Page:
Burgers remain a top food item for many folks for a number of reasons—childhood cravings, financial value, quick satiety, and convenience when considering food options on the go. A 2017 study found that 56 percent of consumers say they eat some type of burger at least once per week (down from 68 percent in 2013). Luckily, when it’s burger night, there is a good-tasting burger available for a variety of dietary lifestyles. If you enjoy beef, do not eat red meat, or don’t eat any meat at all, you can still have a wonderful burger night full of fun and nutrition.
Beef or Turkey Burger?
Lean red meat can be enjoyed as part of a healthy diet and is one of the best protein sources that we can eat, containing roughly 22–28 grams per four-ounce serving. Red meat also contains a variety of highly bioavailable nutrients, including heme iron, zinc, and B-vitamins.
Those of us worried about the fat content in our burger should note that less than half of the fat content in lean red meat is saturated. Still, choosing lean meats (those that are lower in total fat) over those that are higher in fat is a good way to reduce our intake of saturated fatty acids. There are 29 cuts of beef that meet government guidelines for lean. For pork or beef, it is better to choose cuts with the words “round” or “loin” in the name, or those that contain 95% or more lean ground beef.
Many folks who don’t eat red meat may opt for a tasty turkey burger instead. Ground turkey provides an additional great source of lean protein (15–22 grams per four-ounce serving) and nutrients such as phosphorous and potassium.
To ensure that poultry and cattle are processed safely and humanely, the United States Department of Agriculture (USDA) has developed federal laws and standards to protect animals during processing steps. These include the Humane Methods of Slaughter Act, passed in 1978, which ensures proper practices in the slaughtering of animals and further ensures that they will not experience needless suffering. In addition to this law, a regulatory requirement specific to poultry states that animals should be slaughtered using Good Commercial Practices, very similar to those outlined in the Humane Methods of Slaughter Act.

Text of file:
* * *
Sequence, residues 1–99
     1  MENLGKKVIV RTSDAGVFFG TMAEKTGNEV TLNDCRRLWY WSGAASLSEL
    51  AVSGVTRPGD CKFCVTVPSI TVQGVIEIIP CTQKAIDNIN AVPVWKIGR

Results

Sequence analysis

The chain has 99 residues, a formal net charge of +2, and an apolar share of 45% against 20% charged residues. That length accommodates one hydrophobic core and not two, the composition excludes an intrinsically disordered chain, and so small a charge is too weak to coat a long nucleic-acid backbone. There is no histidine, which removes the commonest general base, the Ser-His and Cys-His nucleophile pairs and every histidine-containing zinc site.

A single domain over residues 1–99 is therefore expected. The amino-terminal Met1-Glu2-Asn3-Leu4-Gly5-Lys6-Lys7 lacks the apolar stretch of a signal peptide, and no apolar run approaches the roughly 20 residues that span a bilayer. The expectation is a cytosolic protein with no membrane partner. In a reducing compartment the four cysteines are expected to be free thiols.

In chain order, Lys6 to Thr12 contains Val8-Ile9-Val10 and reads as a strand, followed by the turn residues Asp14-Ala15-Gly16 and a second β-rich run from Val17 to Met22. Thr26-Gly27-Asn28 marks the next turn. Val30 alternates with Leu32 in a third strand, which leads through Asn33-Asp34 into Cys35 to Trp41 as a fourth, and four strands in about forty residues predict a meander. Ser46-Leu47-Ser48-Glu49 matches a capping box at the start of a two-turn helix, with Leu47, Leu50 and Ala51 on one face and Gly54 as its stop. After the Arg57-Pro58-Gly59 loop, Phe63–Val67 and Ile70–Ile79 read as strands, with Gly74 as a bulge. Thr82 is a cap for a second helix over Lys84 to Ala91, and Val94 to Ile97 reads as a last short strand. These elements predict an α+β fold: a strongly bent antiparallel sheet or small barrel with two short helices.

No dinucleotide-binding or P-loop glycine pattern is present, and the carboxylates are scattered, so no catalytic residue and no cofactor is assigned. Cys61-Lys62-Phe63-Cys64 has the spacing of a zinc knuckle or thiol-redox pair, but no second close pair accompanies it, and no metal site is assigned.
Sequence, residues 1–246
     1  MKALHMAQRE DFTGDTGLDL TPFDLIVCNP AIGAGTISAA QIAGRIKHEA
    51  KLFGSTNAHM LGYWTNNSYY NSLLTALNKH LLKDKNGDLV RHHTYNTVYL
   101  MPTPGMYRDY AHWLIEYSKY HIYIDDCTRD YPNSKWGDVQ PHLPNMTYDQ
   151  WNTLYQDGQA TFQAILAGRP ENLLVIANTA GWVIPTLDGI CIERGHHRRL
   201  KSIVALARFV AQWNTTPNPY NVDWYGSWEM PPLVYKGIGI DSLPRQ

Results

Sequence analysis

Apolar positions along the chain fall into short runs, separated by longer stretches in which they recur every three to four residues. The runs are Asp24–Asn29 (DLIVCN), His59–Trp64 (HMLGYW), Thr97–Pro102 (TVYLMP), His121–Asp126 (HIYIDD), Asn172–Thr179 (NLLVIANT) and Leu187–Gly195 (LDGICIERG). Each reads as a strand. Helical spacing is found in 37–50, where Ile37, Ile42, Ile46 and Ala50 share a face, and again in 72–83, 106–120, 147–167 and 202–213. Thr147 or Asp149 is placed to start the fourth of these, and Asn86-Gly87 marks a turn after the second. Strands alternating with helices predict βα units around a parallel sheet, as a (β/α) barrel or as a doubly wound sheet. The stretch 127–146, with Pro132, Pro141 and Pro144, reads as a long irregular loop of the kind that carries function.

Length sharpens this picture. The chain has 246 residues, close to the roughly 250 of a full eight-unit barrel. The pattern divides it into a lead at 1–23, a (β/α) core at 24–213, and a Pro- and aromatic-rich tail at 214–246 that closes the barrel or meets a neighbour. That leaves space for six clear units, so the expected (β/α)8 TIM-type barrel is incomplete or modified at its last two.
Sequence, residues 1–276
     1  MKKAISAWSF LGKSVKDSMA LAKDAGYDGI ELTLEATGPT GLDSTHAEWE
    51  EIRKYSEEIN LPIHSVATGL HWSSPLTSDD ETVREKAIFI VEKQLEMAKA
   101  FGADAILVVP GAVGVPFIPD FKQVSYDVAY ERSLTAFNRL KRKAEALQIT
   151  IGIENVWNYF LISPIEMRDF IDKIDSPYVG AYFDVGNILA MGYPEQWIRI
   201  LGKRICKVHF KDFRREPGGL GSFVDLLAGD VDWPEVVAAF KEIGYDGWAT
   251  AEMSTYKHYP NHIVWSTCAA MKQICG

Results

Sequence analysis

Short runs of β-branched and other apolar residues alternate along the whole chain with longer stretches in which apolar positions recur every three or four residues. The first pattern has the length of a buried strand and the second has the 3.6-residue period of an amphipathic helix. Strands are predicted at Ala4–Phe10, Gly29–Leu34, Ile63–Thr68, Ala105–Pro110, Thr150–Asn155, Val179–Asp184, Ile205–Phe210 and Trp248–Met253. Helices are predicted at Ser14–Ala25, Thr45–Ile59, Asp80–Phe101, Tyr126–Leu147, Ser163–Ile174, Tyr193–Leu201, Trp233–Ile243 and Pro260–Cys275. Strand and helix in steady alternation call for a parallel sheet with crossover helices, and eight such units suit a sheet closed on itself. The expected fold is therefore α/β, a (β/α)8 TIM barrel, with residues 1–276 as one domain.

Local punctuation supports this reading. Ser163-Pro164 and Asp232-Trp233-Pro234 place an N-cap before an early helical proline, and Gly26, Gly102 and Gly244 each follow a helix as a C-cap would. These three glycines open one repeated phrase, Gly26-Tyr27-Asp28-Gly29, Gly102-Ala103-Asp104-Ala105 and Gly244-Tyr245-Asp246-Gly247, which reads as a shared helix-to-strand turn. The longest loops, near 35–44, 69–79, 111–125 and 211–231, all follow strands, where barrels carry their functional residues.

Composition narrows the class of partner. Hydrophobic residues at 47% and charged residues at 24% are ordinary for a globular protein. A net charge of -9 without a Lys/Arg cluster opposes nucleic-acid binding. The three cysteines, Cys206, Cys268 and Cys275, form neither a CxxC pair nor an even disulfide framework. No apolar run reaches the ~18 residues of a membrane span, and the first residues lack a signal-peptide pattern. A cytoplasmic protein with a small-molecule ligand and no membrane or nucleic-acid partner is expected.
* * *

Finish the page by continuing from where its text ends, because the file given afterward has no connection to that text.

The USDA also has a stringent set of rules that meat processors must follow if they want to be a federally recognized establishment. These rules need to be followed to avoid citations from inspectors. They include the Poultry Products Inspection Act and the Federal Meat Inspection Act. They verify that the Humane Methods of Slaughter Act and Good Commercial Practices are being conducted accurately. These rules also focus on ensuring accurate labeling and preventing misbranded labels (i.e. a label that doesn’t clearly indicate what is in the package).
Regulated and declared safe by the U.S. Food and Drug Administration, “meat alternative” burger patties are popping up in popular restaurant chains and in many grocery stores nationwide. These burgers allow people who prefer to not eat meat to still enjoy a burger that goes a little beyond the norm of the veggie-based and black-bean burgers many of us are used to seeing.
These plant-based burgers pack 20 grams of protein per serving and are made of four main ingredients: water, pea-protein isolate, canola oil and coconut oil. This makes them both vegan- and vegetarian-friendly. Interestingly, manufacturers also use beets to help the burgers have a reddish color and “bleed” as a ground-beef burger would.
The pea-protein isolate in plant-based burgers has become a popular protein resource over the years and can also be found in a variety of protein powders and snack bars. Peas are legumes, which are an excellent source of protein. The pea protein found in plant-based burgers is made by extracting the soluble pea protein from yellow split peas and grinding the dried peas into a powder. As a bonus, pea protein is gluten- and lactose-free, making it a great option for individuals with those dietary restrictions. And peas are cholesterol-free and low in fat—two other ways in which pea-fueled burgers can be a healthy alternative to meat-based patties.
Note that if you’re going for a pea-protein burger more often, you may want to up your citrus intake. Plant-based foods such as peas have what’s called “non-heme iron,” which your body doesn’t absorb as well as the heme iron in pork, red meat, fish and poultry. Consuming vitamin C-rich foods such as orange juice can help increase the absorption of non-heme iron.
Burgers for Everyone
Now that the grilling and picnic seasons are upon us, it’s cool to know that there is more than one way to get your burger fix. Each option serves up protein, safety and tastiness to meat and non-meat eaters alike.